I started as the
quintessential “Diva worshipper,” which comes out of that old stereotype of gay
men idolizing strong, passionate, over-the-top female femme fatales. I find it
a bit passé today. What I love about the barihunk phenomenon is that it appeals
equally to men and women, as well as straight or gay.
Considering the homoeroticism of many barihunk
photos: are the visitors of your blog only gay men? (Do you ever have to deal
with homophobia? Do you discuss sexual orientation with your barihunks? Is it
an issue for baritones today whether they are admired by gay men or
heterosexual women? Are there regional or age differences?)
From what we can tell
from analytics and sales of our merchandise, we’re almost 50-50 male to female.
As I mentioned earlier, many of our male readers are straight men obsessed with
fitness and exercise. We’ve done some Bari-Chunk to Bari-Hunk features which
have generated ten times our usual traffic. Most of the email about those posts
comes from straight guys thanking us for inspiring them to get in shape and to
improve their self-esteem.
As for homophobia,
we’ve experienced virtually none in ten years of posts. We did have one singer
ask us to remove a post because it violated his religious beliefs.
We’ve had a series of
“Barihunk Lunches” where we gather a group of low voices and discuss a variety
of topic over a meal. I’m so impressed with how easily straight and gay men in
this business get along, tease each other and even toss around sexual
innuendos. I believe there has been a true generational shift around sexual
orientation. Fortunately, the opera world is miles ahead of everyone else.
What do you think attracts heterosexual women
to barihunks? And is the opera industry fully responding to the needs these
women have? Any suggestions for improving the image of opera, in general?
I love that Barihunks
has allowed women to not only talk about, but brag about, their attraction to
men. Some of the most provocative comments and emails that I receive are from
women – and they know what they like! It is interesting to me that gay men and
straight women tend to be attracted to completely different men. For instance,
Nathan Gunn and Thomas Hampson seem to be total magnets for women, but don’t’
generate the same level of intensity from men.
If you look at an
average opera audience, the majority is made up of gay men and women. We both
clearly love beautiful men with gorgeous, resonant low voices. More of that
would go a long way! I’m proud that a positive image of healthy, virile men has
become the new stereotype for opera, rather than the antiquated idea of an
oversized Wagnerian soprano with horns and a spear.
Where do your followers come from, mostly?
The United States,
Germany, Canada, Australia and the United Kingdom, with a huge increase coming
from Russia and Eastern Europe.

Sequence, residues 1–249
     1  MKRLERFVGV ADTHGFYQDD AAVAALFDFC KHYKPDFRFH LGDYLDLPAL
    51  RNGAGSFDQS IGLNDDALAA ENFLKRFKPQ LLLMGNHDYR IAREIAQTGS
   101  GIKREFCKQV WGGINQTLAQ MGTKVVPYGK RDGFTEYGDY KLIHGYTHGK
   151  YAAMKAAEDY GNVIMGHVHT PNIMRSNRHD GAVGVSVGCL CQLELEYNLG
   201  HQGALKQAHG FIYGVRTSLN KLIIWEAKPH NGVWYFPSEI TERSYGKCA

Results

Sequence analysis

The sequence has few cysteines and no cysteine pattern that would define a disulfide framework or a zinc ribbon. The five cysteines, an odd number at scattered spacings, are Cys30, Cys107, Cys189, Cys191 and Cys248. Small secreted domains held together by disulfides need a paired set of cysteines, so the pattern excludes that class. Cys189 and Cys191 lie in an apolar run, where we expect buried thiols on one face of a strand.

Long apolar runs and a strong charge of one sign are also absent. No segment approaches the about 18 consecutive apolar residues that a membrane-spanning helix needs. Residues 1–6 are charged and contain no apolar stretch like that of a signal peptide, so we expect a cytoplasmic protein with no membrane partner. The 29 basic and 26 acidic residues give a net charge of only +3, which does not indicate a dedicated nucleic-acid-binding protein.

You mentioned that one of your most successful
posts was on a red headed singer. Why are red heads such an item?
I follow my analytics
closely, as they dictate who I post (or don’t post). Certain types seem to have
particularly passionate followers and red-heads fall into that category, as do
hairy men, hairless men, Asian singers and men in tuxedos.
Puerto Rican Xavier Edgardo
Talking of red heads: how much desire for
diversity do you see among your followers? Are there any Asian, Arab, black or
any other people of color barihunks?
We are very cognizant
about diversity and truly try to put as much of it on display as possible.
We’ve featured numerous black and Asian singers on the site, but there aren’t
many Arab baritones in the world today. If your readers know of some, send them
our way at Barihunks@gmail.com.
Do your followers ever discuss vocal aspects,
or do they focus only on exterior body elements?
You can’t have an
opera blog and not discuss the voice. It’s still first and foremost about the
After 10 years of barihunks: what has changed
in the opera world, for you? Has barihunks influenced these changes? What do
you wish should happen in the future, what happens in the US that Germany could
learn from or vice versa?
The biggest change in
opera has been its accessibility. I’m sitting in California as I respond to
your questions from Germany while watching Semiramide on my laptop from France. The barihunks
phenomenon cannot be separated from the fact that opera is showing up on
people’s TV screens, laptops and in movie theatres. It has become as much a remote
VISUAL MEDIA artform as a LIVE VOCAL artform.
Your focus on sexy singers is very pop culture
orientated, it corresponds to what most teen magazines do with pop stars. Why
are traditional opera magazines like Opernwelt completely ignoring the trend you
sent and why are most opera magazines so unsexy and stuffy? (While opera
companies lament the lack of interest from young audiences.)
I think part of the
success of Barihunks is that we’re not stuffy, don’t take ourselves too
seriously, yet still respect the artform and remain informative.
I’m fascinated by the
marketing of opera in Europe, which often features an 80-year-old conductor,
while in the U.S and Canada the focus in on the singers. Even US opera
magazines like Opera News are doing Hollywood-style photoshoots with singers
and featuring young, often attractive, rising stars of opera. I open some
European music magazine and I feel like I should be blowing dust off of the
Marco Vassalli sings Clint Borzoni's "Stufen"
What’s the most inappropriate mail you ever received
from a barihunk (or singer)?
Oh Lord! I had a
British baritone (of some note) who delighted himself by sending me the most
inappropriate dick pics. I never knew if he was serious, or not, but he claimed
he did it because he was obsessed with getting on the site. We don’t ever post
random nudity and only post it if it’s related to a performance.
I also receive